Homebrew Relay Computer Looks Like It Could Be A Commercial Product

You may not have noticed, but we here at Hackaday really love our clicky stuff. Clicky mechanical keyboards, unnecessarily noisy flip-dot displays, and pretty much anything made with a lot of relays — they all grab our attention, in more ways than one. So it’s with no small surprise that we appear to have entirely missed perhaps the clickiest build of all: a fully operational 8-bit computer using nothing but relays.

What’s even more amazing about our failure to find and feature [Paul Law]’s excellent work is that he has been at it for the better part of a decade now. The first post on his very detailed and very well-crafted blog describing the build dates from 2013, when he was just testing LEDs in the arithmetic-logic unit (ALU). Since then, [Paul] has made incredible progress, building module after module, each containing a small portion of the computer’s functionality. The modules plug into card cages with backplanes to connect them, and the whole thing lives in an enclosure made from aluminum extrusion and glossy black panels for a truly sleek look. The computer is incredibly compact for something that uses 400+ DPDT relays to do its thinking.

In addition to the blog, [Paul] has a criminally undersubscribed YouTube channel with a quite recent series going over the computer in depth. We included the overall tour below, but you should really check out the rest of the videos to appreciate how much work went into this build. We’ve seen relay computers ranging in size from single-board to just plain ludicrous, but this one really takes the prize for fit and finish as well as functionality.

20 thoughts on “Homebrew Relay Computer Looks Like It Could Be A Commercial Product

  1. Looks as good as a commercial product, yes, could be produced commercially, hmm, I’ll go with …

    “I think there is a world market for maybe five computers.”

    Thomas Watson, president of IBM, sometime in the 40s when this tech was current.

    I mean it’s cool and all, but for the thousands of bucks it would likely have to sell for, I don’t think there would be many takers.

    1. I think you are missing the point here.

      Obviously the intention is not to sell it. There is no way a relay computer can be viable in 2021, other than as a conversation piece.

      The comment about this looking like it could be a commercial product speaks to the build quality. The builder has done such a great job with this that one might think it’s an actual commercial product, albeit extracted from a time capsule from the 50’s.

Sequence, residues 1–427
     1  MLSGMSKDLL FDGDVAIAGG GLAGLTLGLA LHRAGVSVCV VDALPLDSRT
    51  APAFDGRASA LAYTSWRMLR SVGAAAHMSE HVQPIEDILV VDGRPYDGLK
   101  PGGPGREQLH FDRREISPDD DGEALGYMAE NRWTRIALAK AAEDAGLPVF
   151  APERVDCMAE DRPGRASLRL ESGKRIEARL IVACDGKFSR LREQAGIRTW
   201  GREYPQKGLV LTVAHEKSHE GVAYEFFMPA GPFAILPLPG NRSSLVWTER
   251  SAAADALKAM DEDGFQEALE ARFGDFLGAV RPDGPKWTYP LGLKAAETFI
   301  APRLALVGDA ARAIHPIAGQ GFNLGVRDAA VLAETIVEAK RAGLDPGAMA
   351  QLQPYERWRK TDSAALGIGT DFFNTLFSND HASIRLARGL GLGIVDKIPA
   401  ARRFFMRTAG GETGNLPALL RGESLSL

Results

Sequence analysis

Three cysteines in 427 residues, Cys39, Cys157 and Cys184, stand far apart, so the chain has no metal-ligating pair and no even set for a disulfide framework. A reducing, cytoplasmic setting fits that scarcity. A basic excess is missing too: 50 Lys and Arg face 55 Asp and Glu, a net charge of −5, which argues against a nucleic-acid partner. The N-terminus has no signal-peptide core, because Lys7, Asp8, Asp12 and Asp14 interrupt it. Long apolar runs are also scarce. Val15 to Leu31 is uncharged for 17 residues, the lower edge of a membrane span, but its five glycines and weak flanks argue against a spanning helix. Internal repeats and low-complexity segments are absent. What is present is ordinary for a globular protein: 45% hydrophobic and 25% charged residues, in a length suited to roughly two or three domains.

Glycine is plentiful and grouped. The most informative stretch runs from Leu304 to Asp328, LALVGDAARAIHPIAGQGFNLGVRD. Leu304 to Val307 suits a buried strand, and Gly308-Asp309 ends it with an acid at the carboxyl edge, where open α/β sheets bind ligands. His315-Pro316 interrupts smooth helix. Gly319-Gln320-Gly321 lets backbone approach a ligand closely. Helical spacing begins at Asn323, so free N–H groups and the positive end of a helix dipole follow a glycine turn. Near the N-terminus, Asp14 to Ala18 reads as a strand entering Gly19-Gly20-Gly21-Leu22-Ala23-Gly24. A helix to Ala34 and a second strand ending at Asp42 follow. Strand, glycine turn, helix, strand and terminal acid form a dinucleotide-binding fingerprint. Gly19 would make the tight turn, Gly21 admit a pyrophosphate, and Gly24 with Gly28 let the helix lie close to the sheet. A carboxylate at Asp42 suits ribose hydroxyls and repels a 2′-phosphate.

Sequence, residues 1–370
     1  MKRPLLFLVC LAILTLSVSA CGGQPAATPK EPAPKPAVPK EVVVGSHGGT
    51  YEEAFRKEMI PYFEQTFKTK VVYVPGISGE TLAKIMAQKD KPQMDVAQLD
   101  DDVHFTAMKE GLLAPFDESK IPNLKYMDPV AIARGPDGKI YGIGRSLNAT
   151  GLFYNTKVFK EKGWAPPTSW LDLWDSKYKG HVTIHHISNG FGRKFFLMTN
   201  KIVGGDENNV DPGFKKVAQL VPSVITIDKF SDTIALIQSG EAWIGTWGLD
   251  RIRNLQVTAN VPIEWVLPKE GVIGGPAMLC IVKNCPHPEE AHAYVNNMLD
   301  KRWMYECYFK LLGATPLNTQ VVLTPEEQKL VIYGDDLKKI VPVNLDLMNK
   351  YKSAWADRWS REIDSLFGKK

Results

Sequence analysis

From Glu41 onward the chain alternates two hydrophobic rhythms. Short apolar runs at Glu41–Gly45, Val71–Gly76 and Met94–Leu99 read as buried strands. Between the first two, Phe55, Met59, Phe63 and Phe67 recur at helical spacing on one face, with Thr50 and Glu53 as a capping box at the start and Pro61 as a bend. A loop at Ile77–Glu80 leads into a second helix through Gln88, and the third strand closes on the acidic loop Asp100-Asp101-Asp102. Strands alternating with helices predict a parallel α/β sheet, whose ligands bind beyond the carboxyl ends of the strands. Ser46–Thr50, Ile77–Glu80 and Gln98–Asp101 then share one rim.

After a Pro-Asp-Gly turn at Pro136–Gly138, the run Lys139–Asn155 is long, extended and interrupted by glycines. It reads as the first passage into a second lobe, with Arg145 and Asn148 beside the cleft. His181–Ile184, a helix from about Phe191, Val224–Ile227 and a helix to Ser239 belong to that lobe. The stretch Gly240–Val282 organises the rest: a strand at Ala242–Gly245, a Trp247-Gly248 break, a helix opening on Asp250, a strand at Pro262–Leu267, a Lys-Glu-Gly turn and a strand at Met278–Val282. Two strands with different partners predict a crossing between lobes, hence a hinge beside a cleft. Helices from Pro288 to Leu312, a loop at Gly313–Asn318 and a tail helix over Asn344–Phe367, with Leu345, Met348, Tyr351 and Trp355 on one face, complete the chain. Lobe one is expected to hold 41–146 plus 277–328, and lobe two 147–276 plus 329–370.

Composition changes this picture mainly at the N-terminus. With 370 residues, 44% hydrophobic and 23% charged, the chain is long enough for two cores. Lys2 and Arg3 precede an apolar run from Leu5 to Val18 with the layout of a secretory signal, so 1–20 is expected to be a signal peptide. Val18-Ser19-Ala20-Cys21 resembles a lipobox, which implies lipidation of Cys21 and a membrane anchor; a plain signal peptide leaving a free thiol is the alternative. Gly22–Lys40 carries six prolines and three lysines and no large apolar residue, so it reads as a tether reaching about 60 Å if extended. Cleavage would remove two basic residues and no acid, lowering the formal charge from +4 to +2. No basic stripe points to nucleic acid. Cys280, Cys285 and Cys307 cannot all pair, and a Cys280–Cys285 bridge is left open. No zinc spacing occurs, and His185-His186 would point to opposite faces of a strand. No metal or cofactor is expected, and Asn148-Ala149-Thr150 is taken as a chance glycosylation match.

2. How hard would it be to rig it up to let people connect to it over the internet, and run things on it?

    E.g. something that receives tweets with programs in them, queues them up, automatically pulls the next job off the queue, loads it up and runs it, and fires off results, probably again via tweet. AND of course, some way to watch and listen to your program click through.

    You know .. so I don’t have to source 1000 relays and get carpal tunnel from wiring them all up on me own?

    1. I like this idea, it gives access to such a project to many people who otherwise would never experience it. Maybe have an emulator test the code in the backend first to prevent unknown code from causing problems before running on hardware.

      1. I bet plenty of folks would be happy to send him $1 or buy him a cup of coffee to see/hear their little program to run on his machine. Might help him recoup part of the cost of all those relays!

    2. The hardware interface to connect it up by TCP/IP would be far more complex than the computer, or build it an RS232-C link and plug that into a common RS232-C to ethernet dongle, then to a PC or something else that can itself connect to the internet.

      1. I hadn’t even thought of running any kind of network stack directly on the relays, though that’s an entertaining idea.

        Nah, I’d make some modern device listen for the input (e.g., scrape it from tweets), and feed it to the relay machine via something like 1200,n,8,1 serial.

        Or maybe the relay machine would be happier being interfaced with parallel discretes, so you know, stick a gpio card on a Pi or something.

  3. what am i missing? this is how i learned computer back in the early 80’S. this is how old pre digital phone switches worked, then we advanded to and/or switches and transistors, then chips.

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